This small tutorial explains how an application can access a database (PostgreSQL, MySQL or SQLite) to store its data by using the Ada Database Objects framework. The framework has several similarities with the excellent Hibernate Java framework.
The ADO framework is composed of:
- A code generator provided by Dynamo,
- A core runtime,
- A set of database drivers (PostgreSQL, MySQL, SQLite).
The tutorial application is a simple user management database which has only one table.
Defining the data model
The first step is to design the data model. You have the choice with:
- Using an UML modeling tool such as ArgoUML,
- Writing an XML file following the Hibernate description,
- Writing a YAML description according to the Doctrine mapping.
In all cases, the model describes the data table as well as how the different
columns are mapped to an Ada type. The model can also describe the relations between
tables. XML and YAML data model files should be stored in the
Let's define a mapping for a simple
user table and save it in
<?xml version="1.0" encoding="UTF-8"?> <hibernate-mapping default-cascade="none"> <class name="Samples.User.Model.User" table="user" dynamic-insert="true" dynamic-update="true"> <comment>Record representing a user</comment> <id name="id" type="ADO.Identifier" unsaved-value="0"> <comment>the user identifier</comment> <column name="id" not-null="true" unique="true" sql-type="BIGINT"/> <generator class="sequence"/> </id> <version name="version" type="int" column="object_version" not-null="true"/> <property name="name" type="String"> <comment>the user name</comment> <column name="name" not-null="true" unique="false" sql-type="VARCHAR(256)"/> </property> <property name="email" type="String" unique='true'> <comment>the user email</comment> <column name="email" not-null="true" unique="false" sql-type="VARCHAR(256)"/> </property> <property name="date" type="String"> <comment>the user registration date</comment> <column name="date" not-null="true" unique="false" sql-type="VARCHAR(256)"/> </property> <property name="description" type="String"> <comment>the user description</comment> <column name="description" not-null="true" unique="false" sql-type="VARCHAR(256)"/> </property> <property name="status" type="Integer"> <comment>the user status</comment> <column name="status" not-null="true" unique="false" sql-type="Integer"/> </property> </class> </hibernate-mapping>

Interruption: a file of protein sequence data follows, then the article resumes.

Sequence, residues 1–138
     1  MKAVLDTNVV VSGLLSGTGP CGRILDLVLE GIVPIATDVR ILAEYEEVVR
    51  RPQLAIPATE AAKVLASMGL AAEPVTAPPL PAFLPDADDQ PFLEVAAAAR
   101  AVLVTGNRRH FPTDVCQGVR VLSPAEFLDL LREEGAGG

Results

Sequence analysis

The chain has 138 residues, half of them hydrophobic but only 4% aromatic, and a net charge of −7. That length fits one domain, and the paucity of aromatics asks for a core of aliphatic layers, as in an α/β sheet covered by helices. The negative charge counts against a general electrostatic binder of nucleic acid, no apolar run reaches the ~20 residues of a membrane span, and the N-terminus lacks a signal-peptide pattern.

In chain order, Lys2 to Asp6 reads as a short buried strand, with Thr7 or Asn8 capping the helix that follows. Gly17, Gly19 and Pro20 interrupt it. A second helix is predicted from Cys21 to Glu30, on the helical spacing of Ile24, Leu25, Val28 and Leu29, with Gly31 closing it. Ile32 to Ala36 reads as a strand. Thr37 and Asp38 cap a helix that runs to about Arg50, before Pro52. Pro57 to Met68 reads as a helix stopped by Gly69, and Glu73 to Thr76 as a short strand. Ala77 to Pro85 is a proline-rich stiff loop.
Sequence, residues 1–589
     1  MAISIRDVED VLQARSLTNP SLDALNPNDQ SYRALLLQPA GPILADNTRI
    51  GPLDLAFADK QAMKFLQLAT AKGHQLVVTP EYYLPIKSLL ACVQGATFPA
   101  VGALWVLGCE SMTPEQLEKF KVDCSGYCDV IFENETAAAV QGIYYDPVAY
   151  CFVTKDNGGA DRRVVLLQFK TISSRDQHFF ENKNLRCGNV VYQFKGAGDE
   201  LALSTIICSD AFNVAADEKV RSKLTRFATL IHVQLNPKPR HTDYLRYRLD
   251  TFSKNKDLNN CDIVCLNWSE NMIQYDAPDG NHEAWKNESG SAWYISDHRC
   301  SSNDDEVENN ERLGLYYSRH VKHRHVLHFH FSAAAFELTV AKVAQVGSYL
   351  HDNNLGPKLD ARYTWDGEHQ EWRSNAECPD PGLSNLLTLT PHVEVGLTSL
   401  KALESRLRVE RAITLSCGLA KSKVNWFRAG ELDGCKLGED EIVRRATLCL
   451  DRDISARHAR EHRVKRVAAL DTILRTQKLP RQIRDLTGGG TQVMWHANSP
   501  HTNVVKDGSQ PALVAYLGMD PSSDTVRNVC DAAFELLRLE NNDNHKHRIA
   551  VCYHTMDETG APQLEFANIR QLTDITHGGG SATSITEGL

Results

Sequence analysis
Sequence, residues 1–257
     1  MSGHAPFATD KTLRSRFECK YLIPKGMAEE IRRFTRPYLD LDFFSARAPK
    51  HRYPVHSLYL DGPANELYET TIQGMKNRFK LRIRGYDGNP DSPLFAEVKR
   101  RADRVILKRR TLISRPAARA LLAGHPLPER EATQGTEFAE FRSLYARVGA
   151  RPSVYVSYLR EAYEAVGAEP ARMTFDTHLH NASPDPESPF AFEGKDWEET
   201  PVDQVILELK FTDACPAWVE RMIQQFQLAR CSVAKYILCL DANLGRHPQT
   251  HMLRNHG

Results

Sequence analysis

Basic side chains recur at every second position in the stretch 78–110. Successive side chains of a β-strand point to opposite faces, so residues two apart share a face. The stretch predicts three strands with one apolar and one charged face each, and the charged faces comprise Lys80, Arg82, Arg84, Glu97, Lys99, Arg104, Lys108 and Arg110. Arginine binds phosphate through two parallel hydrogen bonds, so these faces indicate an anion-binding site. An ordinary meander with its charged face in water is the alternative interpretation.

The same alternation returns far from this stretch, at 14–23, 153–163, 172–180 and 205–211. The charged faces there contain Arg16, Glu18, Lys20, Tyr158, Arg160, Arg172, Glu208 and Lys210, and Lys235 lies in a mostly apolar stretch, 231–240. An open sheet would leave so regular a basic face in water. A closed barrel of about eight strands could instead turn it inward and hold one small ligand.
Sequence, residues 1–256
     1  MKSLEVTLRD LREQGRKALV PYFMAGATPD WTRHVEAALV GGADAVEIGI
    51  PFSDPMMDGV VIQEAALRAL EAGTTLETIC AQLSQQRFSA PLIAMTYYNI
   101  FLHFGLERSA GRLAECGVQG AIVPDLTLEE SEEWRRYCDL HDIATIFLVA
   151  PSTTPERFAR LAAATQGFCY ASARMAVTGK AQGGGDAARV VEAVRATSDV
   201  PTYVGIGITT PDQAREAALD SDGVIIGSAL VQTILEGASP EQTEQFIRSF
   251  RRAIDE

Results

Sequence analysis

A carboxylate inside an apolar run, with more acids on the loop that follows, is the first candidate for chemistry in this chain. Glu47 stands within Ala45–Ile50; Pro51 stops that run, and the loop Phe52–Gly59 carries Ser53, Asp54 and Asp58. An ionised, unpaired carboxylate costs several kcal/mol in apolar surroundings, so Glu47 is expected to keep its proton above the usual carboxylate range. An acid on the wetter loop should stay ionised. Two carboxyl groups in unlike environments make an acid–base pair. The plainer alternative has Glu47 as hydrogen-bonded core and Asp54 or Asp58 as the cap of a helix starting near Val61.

The YAML description is sometimes easier to understand and write
and the content could be saved in the
Samples.User.Model.User: type: entity table: user description: Record representing a user hasList: true indexes: id: id: type: identifier column: id not-null: true unique: true description: the user identifier fields: version: type: integer column: object_version not-null: true version: true unique: false description: name: type: string length: 255 column: name not-null: true unique: false description: the user name email: type: string length: 255 column: email not-null: true unique: false description: the user email date: type: string length: 255 column: date not-null: true unique: false description: the user registration date description: type: string length: 255 column: description not-null: true unique: false description: the user description status: type: integer column: status not-null: true unique: false description: the user status